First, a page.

Draft EIP-6992: ECC DSS signatures

Read Me

This is EIP used to be for HTTP requests and was renamed to ECC DSS signatures on the 16/05/2023. All comments under this are still valid as this EIP is work in progress.


This EIP allows for smart contracts to verify DSS signatures.


This EIP allows for check signatures which should allow for an smoother transition from web2 to web3. While it might seem counter-intuitive to defeat the “true decentralization” of ethereum it should prove to have some major advantages like polling external data sources or creating random data while verifing data authenticity.



Opcode: 0xa5
Gas cost: 15000 (minimum)

  • Body (string): A selection of data.
  • Signature (bytes): The signature of the data
  • PublicKey (string): An ECC P-256 public key in PEM format


  • Verified (bool): True if the data is correctly signed.

This Opcode must encode the data to bytes using utf-8 and then must hash the Body field with the SHA256. Then, the node should verify against the ECC P-256 public key which should be used to verify the signature against the data using the fips-186-3 DSS signing algorithm .

Stack Transition:
(before) [Body, Signature, PublicKey]
(after) [… Verified]

The key words “MUST”, “MUST NOT”, “REQUIRED”, “SHALL”, “SHALL NOT”, “SHOULD”, “SHOULD NOT”, “RECOMMENDED”, “NOT RECOMMENDED”, “MAY”, and “OPTIONAL” in this document are to be interpreted as described in RFC 2119 and RFC 8174.



Backwards Compatibility

No backward compatibility issues found.

Test Cases

Opcode : 0xa5

(before) [“Hello World”, 0x1234567890, “[validpublickey]”]
(after) [… , true]

In this sense the server should have made a DNS query to the subdomain “_domainkey.example.com”.

Reference Implementation

Example solidity contract for verification

// SPDX-License-Identifier: CC0-1.0
pragma solidity ^0.8.18;

contract Example {
    function randomNumber(string calldata data, bytes calldata hash) public {
        if (!verifySignature(data, hash, "validkey")) {
        } else {
            // Very secret code here

    function verifySignature(string calldata data, bytes calldata hash, string memory key) private returns (bool) {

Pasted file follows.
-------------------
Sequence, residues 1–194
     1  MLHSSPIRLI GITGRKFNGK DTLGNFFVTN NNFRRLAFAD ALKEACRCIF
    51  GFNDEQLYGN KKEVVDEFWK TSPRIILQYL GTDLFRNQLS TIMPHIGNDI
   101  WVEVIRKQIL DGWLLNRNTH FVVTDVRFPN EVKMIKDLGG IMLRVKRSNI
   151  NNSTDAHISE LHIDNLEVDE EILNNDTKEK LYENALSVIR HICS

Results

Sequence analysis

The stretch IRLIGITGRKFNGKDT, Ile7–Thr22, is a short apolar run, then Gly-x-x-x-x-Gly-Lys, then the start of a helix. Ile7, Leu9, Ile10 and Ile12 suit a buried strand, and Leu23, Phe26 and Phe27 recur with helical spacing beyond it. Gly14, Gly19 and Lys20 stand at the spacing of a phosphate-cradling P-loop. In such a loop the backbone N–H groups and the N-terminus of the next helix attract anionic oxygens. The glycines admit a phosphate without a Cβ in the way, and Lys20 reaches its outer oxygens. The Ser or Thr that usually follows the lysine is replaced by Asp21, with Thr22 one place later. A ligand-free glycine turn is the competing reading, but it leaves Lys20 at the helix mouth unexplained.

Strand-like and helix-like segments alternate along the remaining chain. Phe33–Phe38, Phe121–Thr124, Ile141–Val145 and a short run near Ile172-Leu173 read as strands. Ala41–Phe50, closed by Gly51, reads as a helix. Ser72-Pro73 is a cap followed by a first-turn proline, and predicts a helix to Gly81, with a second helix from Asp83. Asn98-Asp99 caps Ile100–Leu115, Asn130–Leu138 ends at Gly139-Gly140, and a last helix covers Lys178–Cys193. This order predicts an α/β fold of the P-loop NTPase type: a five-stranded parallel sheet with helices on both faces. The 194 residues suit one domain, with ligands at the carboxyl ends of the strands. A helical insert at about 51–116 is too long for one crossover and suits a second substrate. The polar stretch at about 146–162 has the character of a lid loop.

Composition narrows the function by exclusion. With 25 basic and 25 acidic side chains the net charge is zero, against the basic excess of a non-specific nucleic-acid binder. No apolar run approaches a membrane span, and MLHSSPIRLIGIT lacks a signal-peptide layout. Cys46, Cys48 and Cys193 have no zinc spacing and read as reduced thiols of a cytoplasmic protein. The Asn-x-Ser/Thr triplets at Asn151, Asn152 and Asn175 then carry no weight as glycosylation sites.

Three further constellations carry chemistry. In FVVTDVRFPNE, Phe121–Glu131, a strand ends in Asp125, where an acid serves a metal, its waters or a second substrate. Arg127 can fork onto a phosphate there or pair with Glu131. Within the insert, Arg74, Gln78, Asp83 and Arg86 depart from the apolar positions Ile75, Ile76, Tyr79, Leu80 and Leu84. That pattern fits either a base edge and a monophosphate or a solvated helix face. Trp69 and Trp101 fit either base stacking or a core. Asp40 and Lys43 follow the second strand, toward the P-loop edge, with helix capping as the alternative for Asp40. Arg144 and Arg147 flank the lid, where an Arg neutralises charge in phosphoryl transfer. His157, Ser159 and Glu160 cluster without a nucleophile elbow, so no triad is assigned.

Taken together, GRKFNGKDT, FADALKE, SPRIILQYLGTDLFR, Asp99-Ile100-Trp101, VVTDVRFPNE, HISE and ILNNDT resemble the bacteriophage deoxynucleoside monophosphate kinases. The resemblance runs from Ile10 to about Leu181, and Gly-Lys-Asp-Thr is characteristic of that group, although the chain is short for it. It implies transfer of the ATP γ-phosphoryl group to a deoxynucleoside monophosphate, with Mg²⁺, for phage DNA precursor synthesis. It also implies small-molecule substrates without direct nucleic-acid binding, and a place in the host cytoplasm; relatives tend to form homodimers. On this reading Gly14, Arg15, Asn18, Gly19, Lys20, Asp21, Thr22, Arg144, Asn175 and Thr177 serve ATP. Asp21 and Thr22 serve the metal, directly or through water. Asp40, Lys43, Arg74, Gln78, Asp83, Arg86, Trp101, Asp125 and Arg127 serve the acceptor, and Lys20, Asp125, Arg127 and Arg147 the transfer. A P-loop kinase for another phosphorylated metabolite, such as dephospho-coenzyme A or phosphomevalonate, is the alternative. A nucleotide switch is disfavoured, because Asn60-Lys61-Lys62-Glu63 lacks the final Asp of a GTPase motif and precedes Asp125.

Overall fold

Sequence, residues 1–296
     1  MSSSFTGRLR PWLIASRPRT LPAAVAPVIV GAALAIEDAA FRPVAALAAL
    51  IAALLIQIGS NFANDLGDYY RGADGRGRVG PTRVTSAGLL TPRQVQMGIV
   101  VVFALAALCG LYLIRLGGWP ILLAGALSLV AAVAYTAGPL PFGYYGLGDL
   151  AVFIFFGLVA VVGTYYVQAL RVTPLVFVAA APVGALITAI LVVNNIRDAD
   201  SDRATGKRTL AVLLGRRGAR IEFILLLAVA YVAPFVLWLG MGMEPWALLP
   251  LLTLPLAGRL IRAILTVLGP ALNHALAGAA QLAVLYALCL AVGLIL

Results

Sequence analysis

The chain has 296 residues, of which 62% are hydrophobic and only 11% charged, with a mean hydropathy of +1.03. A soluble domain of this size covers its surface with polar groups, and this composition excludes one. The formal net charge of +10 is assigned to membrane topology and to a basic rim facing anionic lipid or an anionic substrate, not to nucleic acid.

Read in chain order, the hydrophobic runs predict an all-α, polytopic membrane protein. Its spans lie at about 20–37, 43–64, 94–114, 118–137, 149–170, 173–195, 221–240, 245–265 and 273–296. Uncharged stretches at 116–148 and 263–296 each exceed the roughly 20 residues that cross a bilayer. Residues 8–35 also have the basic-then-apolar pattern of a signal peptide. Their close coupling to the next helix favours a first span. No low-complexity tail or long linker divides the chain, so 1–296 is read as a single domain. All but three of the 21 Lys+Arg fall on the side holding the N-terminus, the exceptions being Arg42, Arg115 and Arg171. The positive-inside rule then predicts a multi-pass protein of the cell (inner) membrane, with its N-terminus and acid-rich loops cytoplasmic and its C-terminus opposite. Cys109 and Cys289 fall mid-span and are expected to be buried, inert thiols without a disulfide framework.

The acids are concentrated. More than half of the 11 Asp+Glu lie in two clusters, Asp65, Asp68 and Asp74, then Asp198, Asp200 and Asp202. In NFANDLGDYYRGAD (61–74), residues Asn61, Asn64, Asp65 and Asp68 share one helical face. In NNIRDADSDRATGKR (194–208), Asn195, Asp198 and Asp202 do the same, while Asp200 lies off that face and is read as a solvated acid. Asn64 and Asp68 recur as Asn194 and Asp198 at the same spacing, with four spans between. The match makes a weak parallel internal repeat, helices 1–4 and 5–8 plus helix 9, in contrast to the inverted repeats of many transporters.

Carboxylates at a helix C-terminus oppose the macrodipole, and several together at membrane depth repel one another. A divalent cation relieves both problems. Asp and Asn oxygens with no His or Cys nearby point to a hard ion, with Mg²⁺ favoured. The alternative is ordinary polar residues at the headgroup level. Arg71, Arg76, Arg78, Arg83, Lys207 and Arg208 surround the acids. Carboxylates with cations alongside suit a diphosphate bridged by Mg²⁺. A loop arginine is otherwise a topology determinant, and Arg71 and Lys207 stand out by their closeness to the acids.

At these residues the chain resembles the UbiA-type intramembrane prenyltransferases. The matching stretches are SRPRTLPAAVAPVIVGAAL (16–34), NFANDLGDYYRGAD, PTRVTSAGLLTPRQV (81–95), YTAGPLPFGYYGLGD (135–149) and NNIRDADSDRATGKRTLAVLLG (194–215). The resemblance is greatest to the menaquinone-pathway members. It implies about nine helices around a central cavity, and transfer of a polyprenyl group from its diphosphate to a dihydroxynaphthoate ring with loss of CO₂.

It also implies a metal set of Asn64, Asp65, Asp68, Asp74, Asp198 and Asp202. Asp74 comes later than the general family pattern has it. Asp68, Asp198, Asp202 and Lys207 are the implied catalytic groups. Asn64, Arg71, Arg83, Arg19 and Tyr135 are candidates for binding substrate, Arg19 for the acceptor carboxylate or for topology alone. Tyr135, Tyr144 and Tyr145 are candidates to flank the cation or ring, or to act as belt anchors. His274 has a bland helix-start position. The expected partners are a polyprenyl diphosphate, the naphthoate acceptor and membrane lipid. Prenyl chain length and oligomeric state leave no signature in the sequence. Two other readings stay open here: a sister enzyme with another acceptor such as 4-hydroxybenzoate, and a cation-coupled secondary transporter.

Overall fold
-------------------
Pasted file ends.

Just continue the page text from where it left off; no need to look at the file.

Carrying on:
// Dummy function to emulate opcode
        return true;

Security Considerations

Needs discussion.


Copyright and related rights waived via CC0.

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The PR for anyone interested : Add EIP: HTTP requests by JKincorperated · Pull Request #6992 · ethereum/EIPs · GitHub

If the web server intentionally fails validation after a block is proposed, wouldn’t that cause the block proposer to be slashed through no fault of their own?

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Yes, you are right… I will rewrite this EIP to prevent this. Please check the PR on GitHub to see the revised version.

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If the opcode returns (502, "") for a validator and (200, "some body") for the block proposer, the resulting state roots will be different for the validator and block proposer.

I think the only way to solve this is to pass the body from the server into the EVM through calldata when the transaction is created, with a proof (perhaps using DNSSEC) that the data was signed by the domain owner.

This is exactly what I was attempting but based in the EVM, having the transaction show the request would be generally better. I will rewrite it.

Fixed, now the Opcode is just for verification purposes and the data should be sent to the smart contract via calldata.

ERC-3668 was recently brought to my attention on Twitter. It wouldn’t require a consensus change and seems to allow similar functionality. Have you seen it before?

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I have just read though it, It appears to be somewhat similar. However, ERC-3668 does not appear to have any truly verifiable means to get the data. I like the saying “verify don’t trust” and this should provide the means to verify by the DNS records and DNSSEC.

How do you handle the problem of changing keys on DNS?
A TX is not verifiable after some time because the key has changed in the TXT record and the verification fails.

Also, this opens up some attack vectors where I would send a TX and respond to the first DNS query with the key (block proposer) and to all others (attesters) with another key or with no response at all, thus failing the block.

Fixed, it was too much of a headache trying to actually fix DNS queries. Now, data must be passed to the contract either on creation or later and the opcode just implements a quick version of verifying these as doing it in pure solidity would be really inefficient.

What is then now the difference to only using an EOA to sign the data and verify it with ecrecover?

Also, would it make more sense to it being a precompile instead of an opcode like ecrecover if it cannot be accomplished with the already built-in cryptographic schemes?

I just finished changing the specs so it is a precompile, as before I started this I had no idea what a precompiled contract was, after 30 minutes of intense googling, I have adjusted the EIP accordingly.

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